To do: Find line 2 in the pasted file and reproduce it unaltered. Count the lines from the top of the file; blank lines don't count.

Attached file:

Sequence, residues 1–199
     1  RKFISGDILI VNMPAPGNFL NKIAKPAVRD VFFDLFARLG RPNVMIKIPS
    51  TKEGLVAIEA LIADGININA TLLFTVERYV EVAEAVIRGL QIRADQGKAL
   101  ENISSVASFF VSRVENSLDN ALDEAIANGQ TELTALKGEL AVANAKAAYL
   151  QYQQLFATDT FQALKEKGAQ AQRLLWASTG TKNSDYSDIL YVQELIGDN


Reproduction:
     1  RKFISGDILI VNMPAPGNFL NKIAKPAVRD VFFDLFARLG RPNVMIKIPS